A leader from McKesson discusses how healthcare reform is forcing hospitals and health systems to take a different approach to capacity management and patient flow.
Patient financial engagement is more challenging than ever – and more critical. With patient responsibility as a percentage of revenue on the rise, providers have seen their billing-related costs and accounts receivable levels increase. If increasing collection yield and reducing costs are a priority for your organization, the metrics outlined in this presentation will provide the framework you need to understand what’s working and what’s not, in order to guide your overall patient financial engagement initiatives and optimize results.
Emad Rizk, MD, president and CEO of Accretive Health, discusses the uncertainty facing hospitals and the transitions affecting revenue cycle management.
No two patients are the same. Each has a very personal healthcare experience, and each has distinct financial needs and preferences that have an impact on how, when and if they chose to pay their healthcare bill. It’s no longer effective to apply static billing techniques to solve the complex challenge of collecting balances from patients. The need to tailor financial conversations and payment options to individual needs and preferences is critical. This presentation provides 10 recommendations that will not only help you improve payment performance through a more tailored approach, but take control of rising collection costs.
Jim Bohnsack, vice president, solution & corporate development for Conifer Health Solutions, explains how the company helps healthcare providers leverage data to deliver better outcomes while optimizing reimbursement for all payment arrangements.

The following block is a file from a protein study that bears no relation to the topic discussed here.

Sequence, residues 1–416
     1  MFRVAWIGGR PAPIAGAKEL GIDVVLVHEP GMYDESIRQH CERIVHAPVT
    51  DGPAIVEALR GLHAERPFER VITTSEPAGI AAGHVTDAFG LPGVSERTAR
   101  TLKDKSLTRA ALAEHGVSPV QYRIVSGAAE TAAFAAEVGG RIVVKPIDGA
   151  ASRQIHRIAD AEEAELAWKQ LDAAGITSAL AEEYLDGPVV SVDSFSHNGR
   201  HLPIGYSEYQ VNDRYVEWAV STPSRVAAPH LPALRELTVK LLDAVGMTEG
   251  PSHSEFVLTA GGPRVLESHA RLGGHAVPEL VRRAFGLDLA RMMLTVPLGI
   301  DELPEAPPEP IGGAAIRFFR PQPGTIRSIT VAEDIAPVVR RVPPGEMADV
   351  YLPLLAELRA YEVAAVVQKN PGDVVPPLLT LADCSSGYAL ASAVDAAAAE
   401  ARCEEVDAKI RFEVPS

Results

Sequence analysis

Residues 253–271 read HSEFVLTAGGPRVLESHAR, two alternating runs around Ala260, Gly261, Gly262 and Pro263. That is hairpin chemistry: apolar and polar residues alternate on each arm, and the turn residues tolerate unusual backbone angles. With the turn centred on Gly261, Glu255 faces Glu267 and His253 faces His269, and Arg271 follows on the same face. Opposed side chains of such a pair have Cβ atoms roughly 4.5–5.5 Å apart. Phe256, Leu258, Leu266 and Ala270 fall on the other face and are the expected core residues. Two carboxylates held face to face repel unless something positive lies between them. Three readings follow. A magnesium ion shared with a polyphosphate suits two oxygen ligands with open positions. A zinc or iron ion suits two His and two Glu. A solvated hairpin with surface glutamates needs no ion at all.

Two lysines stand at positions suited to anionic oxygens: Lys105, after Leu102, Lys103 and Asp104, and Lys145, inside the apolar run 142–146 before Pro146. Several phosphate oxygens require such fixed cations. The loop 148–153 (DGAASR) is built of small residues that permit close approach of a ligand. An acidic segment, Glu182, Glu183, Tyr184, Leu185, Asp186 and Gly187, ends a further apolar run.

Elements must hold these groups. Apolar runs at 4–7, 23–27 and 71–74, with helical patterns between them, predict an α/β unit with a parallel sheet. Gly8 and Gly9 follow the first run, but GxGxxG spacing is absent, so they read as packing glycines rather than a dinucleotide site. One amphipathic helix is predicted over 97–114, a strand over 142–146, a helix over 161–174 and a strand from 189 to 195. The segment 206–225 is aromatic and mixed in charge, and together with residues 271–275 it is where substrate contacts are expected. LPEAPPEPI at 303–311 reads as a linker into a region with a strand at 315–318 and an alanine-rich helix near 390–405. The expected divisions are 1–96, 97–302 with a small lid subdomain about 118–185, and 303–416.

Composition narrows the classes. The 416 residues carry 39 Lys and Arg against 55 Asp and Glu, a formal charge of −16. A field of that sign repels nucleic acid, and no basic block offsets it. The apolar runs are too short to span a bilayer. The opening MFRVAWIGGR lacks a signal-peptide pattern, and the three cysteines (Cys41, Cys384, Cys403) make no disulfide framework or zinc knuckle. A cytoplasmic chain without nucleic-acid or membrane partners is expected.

This white paper, written by Apex Vice President of Solutions and Services, Carrie Romandine, discusses the importance of patient segmentation and messaging specifically related to the patient revenue cycle. Applying strategic messaging that is tailored to each patient type will not only better educate consumers on payment options specific to their billing needs, but it will maximize the amount collected before sending to collections. Further, targeted messaging should be applied across all points of patient interaction (i.e. point of service, customer service, patient statements) and analyzed regularly for maximized results.
Steve Scibetta, senior director of channel sales for Ontario Systems' healthcare product line, shares insights into effectively managing receivables.
This white paper, written by Apex President Patrick Maurer, discusses methods to increase patient adoption of online payments. Providers are now seeking ways to incrementally collect more payments due from patients as well as speeding up the rate of collections. This white paper shows why patient-centric approaches to online payment portals are important complements to traditional provider-centric approaches.
Elena White, vice president of risk, quality, and network solutions for Optum, discusses how healthcare providers can leverage data and technology as they enable risk in their organization.
Increased electronic engagement between healthcare providers and patients provides significant opportunities for improving revenue cycle metrics and encouraging patients to access EHRs. This article, written by Apex Founder and CEO Brian Kueppers, explores a number of strategies to create synergy between patient billing, online payment portals and electronic health record (EHR) software to realize a high ROI in speed to payment, patient satisfaction and portal adoption for meaningful use.
Somnia President and CEO Marc Koch, MD, MBA, explains how hospitals can drive transformative change in the perioperative experience for outstanding clinical and financial outcomes.